Prone to Wander

Allyson Joy1040 views

I love old hymns. Growing up in a church that sang many old songs was not appreciated until later in life. They were not the new, contemporary songs. My time at Harding University is what caused me to really appreciate these hymns in a new way. Of course I enjoy many of the new ones. But there is nothing like standing the presence of 4000 college students singing songs like “It is Well” or “When We All Get to Heaven” in old school, 4-part, a cappella style harmony. It also did not hurt that probably 85% of the student body could sing-I mean really sing.

Now when I have the opportunity to go back to Sunset church of Christ in Lubbock, Texas I have difficulty making it through the service without crying or at the very least tearing up. There is something about singing ancient words that moves me. If you have never been to an a cappella service I would encourage you to experience it.

One of my favorite hymns is “Come Thou Fount of Every Blessing.” Incase you have never heard it before or need a refresher, here are the lyrics:

Come though fount of every blessing,

Tune my heart to sing Thy grace;

Streams of mercy, never ceasing,

Call for songs of loudest praise

Teach me some melodious sonnet,

Sung by flaming tongues above.

Praise the mount! I’m fixed upon it,

Mount of God’s unchanging love.

Here I raise my Ebenezer;

Hither by Thy help I’m come;

And I hope, by Thy good pleasure,

Safely to arrive at home.

Jesus sought me when a stranger,

Wandering from the fold of God;

He, to rescue me from danger,

Interposed His precious blood.

O to grace how great a debtor

Daily I’m constrained to be!

Let that grace now like a fetter,

Bind my wandering heart to Thee.

Prone to wander, Lord, I feel it,

Prone to leave the God I love;

Here’s my heart, O take and seal it,

Seal it for Thy courts above.

This song has a special place in my heart, in large part due to the reminder of Harding and one of my dearest friends who I experienced the 4 years of college life with.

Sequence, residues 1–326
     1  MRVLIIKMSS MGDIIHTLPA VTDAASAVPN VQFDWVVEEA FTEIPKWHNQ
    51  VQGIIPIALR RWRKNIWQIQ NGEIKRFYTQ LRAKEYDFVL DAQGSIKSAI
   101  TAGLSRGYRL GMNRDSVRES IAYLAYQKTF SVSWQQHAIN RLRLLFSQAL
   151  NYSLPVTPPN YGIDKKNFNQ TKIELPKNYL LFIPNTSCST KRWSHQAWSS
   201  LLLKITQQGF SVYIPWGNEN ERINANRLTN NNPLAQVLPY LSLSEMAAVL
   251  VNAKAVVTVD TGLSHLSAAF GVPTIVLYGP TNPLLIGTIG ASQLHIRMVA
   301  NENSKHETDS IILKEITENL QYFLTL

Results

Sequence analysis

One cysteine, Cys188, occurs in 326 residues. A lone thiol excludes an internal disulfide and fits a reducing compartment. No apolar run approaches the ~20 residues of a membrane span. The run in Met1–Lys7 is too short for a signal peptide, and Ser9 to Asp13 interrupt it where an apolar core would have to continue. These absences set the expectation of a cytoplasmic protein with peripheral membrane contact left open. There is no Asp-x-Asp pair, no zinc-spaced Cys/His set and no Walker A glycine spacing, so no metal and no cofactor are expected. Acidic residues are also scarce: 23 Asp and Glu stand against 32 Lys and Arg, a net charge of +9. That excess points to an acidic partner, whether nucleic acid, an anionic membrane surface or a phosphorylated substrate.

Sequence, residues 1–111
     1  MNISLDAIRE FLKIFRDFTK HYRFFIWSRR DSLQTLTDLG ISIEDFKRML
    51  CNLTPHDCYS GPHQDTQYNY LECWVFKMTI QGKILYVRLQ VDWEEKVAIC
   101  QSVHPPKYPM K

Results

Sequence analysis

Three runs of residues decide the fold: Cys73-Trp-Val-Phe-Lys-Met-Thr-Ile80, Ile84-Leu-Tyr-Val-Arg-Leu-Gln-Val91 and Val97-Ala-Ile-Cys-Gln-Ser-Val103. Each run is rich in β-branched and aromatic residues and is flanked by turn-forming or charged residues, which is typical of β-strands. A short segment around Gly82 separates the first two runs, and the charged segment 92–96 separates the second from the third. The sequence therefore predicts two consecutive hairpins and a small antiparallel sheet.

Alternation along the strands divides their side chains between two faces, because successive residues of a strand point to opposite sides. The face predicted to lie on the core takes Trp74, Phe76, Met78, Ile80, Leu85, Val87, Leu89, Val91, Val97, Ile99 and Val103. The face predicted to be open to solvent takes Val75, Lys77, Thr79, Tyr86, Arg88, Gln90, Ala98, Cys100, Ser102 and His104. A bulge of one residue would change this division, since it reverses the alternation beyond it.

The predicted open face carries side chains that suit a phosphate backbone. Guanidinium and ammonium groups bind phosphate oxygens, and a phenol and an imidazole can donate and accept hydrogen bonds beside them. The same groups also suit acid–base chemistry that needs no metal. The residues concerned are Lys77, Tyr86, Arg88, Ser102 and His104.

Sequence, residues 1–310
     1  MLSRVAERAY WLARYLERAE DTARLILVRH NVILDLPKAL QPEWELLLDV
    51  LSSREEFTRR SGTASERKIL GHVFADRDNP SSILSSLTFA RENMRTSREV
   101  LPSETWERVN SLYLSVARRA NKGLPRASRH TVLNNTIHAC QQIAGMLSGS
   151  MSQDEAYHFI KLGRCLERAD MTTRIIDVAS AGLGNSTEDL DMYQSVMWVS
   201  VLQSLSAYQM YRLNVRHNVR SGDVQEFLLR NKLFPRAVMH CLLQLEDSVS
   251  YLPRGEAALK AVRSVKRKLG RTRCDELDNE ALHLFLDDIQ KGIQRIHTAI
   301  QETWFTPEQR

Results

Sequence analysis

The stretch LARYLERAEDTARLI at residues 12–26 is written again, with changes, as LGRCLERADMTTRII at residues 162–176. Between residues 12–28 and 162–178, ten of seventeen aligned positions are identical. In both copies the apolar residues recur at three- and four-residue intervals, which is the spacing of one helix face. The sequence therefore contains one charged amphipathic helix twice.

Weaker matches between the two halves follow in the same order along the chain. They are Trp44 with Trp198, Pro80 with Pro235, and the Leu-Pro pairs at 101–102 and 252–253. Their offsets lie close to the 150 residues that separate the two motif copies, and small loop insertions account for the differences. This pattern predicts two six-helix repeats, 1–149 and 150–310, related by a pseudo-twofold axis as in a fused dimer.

Today this song is on my heart for one main reason: a battle. I cannot get the ending out of my head: “Prone to wander, Lord, I feel it. Prone to leave the God I love.” As I stated many times before, I feel too much of the time I am stuck in Romans 7:15: “For what I want to do I do not do, but what I hate I do.”

Prone to wander, Lord, I feel it.

Do you ever feel like you are watching yourself fall, like an “out of body experience” that you walk into a situation with your eyes wide open, a circumstance that can only end in disaster? And yet you keep walking thinking you can handle it, that everything will be okay. There are times in my life that I am desperately holding on, fighting Satan with everything I have. But unfortunately, there are seasons when I just open the door and invite Satan in for coffee.

Prone to wander, Lord, I feel it.

I feel a bit like the church in Ephesus that John writes to in Revelation 2. Verses 3-5 are standing out the most, “You have persevered and have endured hardship for my name, and have not grown weary. Yet I hold this against you: you have forsaken your first love. Remember the height from which you have fallen!” I have forsaken my first love. I have forsaken Christ. Sin has consequences that affect people, yes, but the heart of the matter is that when I continue in sin I am forsaking my God.

Prone to wander, Lord, I feel it.

So where does that leave us? Revelation 2:5 goes on to say this: “Repent and do the things you did at first.” Repent: “to feel or express sincere remorse for one’s wrongdoing or sin.” We can start by confessing our sin to God. Secondly, we can do the things we did at first. What were some of the things you did when you first came to know Christ? Remember how fresh and pure the relationship felt? I encourage you to take a few minutes to recall your story. Remember your first love.

“Here’s my heart, O, take and seal it, seal it for Thy courts above.”

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